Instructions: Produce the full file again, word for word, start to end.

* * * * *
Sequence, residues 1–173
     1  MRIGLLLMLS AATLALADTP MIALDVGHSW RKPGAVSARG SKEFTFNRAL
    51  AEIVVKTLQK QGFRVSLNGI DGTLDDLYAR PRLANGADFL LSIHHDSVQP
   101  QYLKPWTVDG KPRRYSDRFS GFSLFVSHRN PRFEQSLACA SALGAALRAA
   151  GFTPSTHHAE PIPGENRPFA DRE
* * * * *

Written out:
Sequence, residues 1–173
     1  MRIGLLLMLS AATLALADTP MIALDVGHSW RKPGAVSARG SKEFTFNRAL
    51  AEIVVKTLQK QGFRVSLNGI DGTLDDLYAR PRLANGADFL LSIHHDSVQP
   101  QYLKPWTVDG KPRRYSDRFS GFSLFVSHRN PRFEQSLACA SALGAALRAA
   151  GFTPSTHHAE PIPGENRPFA DRE